SAO PAULO - State-controlled Petróleo Brasileiro SA is growing uneasy with some aspects of the business reorganization of ailing oil-drilling-rig builder Sete Brasil Participações SA, a situation that may pose risks on the refinancing of $3.8 billion in debt, two sources said on Monday.

Officials at Petrobras, as the oil company is known, are questioning technical aspects of Sete Brazil’s reorganization, including how to proceed if legal limits on the rigs’ minimum local content are breached and the fines that a breach could generate, said the first source, who requested anonymity because of legal impediments to discussing the issue publicly.

According to both sources, Petrobras’ stance on some of those aspects marks a shift from views expressed in May when Sete Brasil presented the reorganization plan. The sources also said that neither the number of rigs that Sete Brasil agreed to build under the new business plans or the cost of daily lease charge, or “day rate” to Petrobras are keeping the parties at odds.

Petrobras owns 9 percent of Sete Brasil and plans to lease all of its drillships.

Without Petrobras’ full support, the refinancing of Sete Brasil debt with state lenders Banco do Brasil SA and Caixa Econômica Federal, as well as private-sector lenders Itaú Unibanco Holding SA, Banco Bradesco SA and Banco Santander Brasil SA, could face serious hurdles.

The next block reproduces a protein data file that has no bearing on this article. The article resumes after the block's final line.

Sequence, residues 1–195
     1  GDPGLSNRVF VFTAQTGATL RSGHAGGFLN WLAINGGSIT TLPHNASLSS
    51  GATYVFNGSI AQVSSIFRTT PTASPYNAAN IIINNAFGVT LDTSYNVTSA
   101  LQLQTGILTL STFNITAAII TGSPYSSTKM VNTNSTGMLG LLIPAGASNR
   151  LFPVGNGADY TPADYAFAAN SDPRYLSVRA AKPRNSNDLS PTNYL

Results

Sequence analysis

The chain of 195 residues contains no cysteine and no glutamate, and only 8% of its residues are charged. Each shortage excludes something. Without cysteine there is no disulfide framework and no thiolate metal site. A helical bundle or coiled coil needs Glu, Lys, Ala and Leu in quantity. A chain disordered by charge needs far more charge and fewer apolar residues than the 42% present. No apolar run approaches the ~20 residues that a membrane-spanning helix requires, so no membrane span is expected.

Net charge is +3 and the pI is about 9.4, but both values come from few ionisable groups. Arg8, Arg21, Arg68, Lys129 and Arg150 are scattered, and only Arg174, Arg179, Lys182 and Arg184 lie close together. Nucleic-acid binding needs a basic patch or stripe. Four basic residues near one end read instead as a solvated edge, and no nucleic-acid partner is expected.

Early in July, the banks agreed to refinance Sete Brasil’s debt payments for another 90 days so long as the rig maker would present a plan to restructure operations. According to the first source, banks want to stretch out the loans because they believe an orderly reorganization could bring about more benefits than a liquidation of Sete Brasil.

“None of the parties are interested in entering a scenario of liquidation,” the source noted.

When founded in 2011, Sete Brasil pledged to spend more than $25 billion to build as many as 28 deepwater drillships that would be leased to Petrobras. A corruption scandal involving Petrobras and some of its key contractors such as engineering firms and equipment suppliers, have paralyzed rig and equipment purchases.

Rio de Janeiro-based Sete Brasil, founded by Petrobras and banks including Grupo BTG Pactual SA, faces a chronic cash-flow shortage as Petrobras delays payments and as borrowing costs spiked.

Under the rescue package, Sete Brasil will use the funds to build 14 rigs, with the ownership of another five being shared with Japanese and Singaporean creditors.

Sete Brasil, Itaú and BTG Pactual declined to comment. Petrobras, Banco do Brasil, Caixa, and the other companies did not have an immediate comment.